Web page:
and in opposite directions • Joints must satisfy the conditions for static equilibrium which may be expressed in the form of a force triangle:  F  B 0 FAB FBC 30 kN   4 5 3 FAB  40 kN FBC  50 kN ..e. i. equal in magnitude. the forces must be parallel to an axis between the force application points.Method of Joints • The boom and rod are 2-force members. the members are subjected to only two forces which are applied at member ends • For equilibrium.

the internal force is 50 kN with a force intensity or stress of dBC = 20 mm P 50  103 N  BC    159 MPa A 314 10-6 m 2 • From the material properties for steel.Stress Analysis Can the structure safely support the 30 kN load? • From a statics analysis FAB = 40 kN (compression) FBC = 50 kN (tension) • At any section through member BC. the allowable stress is  all  165 MPa • Conclusion: the strength of member BC is adequate .

weight.. etc.2 mm   • An aluminum rod 26 mm or more in diameter is adequate . the choice is made to construct the rod from aluminum all= 100 MPa) What is an appropriate choice for the rod diameter? P  all  A d2 A 4 A  P  all  50 103 N 100  106 Pa  500 10 6 m 2  4A 4 500  10 6 m 2 d   2. availability.Design • Design of new structures requires selection of appropriate materials and component dimensions to meet performance requirements • For reasons based on cost.52  10 2 m  25.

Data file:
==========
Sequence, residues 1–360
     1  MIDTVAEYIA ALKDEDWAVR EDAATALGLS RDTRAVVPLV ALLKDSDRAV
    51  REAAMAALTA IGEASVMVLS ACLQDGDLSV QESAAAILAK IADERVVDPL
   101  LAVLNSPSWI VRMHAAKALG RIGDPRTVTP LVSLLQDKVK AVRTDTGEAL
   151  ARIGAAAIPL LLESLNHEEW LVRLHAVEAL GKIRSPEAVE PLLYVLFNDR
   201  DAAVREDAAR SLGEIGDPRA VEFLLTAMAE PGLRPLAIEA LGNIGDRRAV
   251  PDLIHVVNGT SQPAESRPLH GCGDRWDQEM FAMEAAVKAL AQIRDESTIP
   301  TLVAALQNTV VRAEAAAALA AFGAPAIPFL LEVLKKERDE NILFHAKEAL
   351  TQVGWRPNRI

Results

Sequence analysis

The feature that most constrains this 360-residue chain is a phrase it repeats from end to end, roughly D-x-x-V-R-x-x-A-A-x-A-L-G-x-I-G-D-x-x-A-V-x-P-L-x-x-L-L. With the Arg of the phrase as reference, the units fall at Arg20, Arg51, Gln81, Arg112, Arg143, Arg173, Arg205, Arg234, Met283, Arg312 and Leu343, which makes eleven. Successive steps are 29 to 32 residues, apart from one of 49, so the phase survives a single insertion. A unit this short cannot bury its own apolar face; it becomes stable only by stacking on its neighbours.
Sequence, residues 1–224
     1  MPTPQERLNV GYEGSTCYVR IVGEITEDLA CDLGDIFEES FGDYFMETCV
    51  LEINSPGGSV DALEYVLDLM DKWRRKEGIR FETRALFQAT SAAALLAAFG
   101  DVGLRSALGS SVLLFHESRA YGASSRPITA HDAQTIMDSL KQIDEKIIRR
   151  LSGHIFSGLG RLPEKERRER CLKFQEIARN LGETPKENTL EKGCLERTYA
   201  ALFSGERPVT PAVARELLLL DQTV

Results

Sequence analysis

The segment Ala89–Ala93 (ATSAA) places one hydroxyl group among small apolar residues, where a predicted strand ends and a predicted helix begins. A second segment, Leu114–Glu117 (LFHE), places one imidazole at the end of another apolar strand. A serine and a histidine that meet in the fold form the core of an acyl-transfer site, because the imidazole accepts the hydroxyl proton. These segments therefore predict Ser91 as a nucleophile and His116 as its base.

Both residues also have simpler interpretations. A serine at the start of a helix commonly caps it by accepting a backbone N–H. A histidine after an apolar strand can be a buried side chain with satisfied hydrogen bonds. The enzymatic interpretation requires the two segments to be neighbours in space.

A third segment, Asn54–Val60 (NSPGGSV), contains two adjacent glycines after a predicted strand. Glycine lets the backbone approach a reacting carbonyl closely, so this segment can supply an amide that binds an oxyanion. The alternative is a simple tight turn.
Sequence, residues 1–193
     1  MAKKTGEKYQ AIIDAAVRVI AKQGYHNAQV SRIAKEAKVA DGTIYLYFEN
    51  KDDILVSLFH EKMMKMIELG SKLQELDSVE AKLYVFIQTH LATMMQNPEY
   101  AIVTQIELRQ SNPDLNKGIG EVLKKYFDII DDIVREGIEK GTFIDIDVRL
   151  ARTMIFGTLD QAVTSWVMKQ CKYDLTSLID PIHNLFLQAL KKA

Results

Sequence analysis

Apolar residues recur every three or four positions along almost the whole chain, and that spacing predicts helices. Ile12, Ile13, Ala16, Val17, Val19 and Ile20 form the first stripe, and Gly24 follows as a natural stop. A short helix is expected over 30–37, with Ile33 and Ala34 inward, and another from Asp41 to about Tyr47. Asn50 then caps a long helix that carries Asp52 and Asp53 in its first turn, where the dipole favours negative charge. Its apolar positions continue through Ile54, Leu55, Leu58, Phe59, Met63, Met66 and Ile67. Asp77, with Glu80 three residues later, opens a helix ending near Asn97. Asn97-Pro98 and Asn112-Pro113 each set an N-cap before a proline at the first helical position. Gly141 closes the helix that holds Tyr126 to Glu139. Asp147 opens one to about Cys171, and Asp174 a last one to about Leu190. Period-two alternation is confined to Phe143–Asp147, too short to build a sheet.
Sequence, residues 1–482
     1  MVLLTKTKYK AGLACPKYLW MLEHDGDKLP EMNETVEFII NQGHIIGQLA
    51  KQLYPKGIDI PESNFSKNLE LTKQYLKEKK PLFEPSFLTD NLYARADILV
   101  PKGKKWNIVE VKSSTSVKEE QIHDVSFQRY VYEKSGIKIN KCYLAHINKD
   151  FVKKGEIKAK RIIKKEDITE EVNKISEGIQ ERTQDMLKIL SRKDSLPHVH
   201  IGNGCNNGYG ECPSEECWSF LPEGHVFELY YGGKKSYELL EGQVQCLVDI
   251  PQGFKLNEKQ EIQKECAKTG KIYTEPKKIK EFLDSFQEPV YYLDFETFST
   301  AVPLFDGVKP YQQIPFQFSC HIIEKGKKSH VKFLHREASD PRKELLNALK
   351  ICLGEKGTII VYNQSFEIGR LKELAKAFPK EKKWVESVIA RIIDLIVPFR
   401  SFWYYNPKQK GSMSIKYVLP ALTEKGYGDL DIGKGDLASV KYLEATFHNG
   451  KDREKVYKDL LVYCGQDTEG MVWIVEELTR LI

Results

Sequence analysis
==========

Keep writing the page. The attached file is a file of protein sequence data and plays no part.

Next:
. F   lim A0 A P  ave  A • The normal stress at a particular point may not be equal to the average stress but the resultant of the stress distribution must satisfy P   ave A   dF    dA A • The detailed distribution of stress is statically indeterminate. . i. can not be found from statics alone. • The force intensity on that section is defined as the normal stress.Axial Loading: Normal Stress • The resultant of the internal forces for an axially loaded member is normal to a section cut perpendicular to the member axis.e.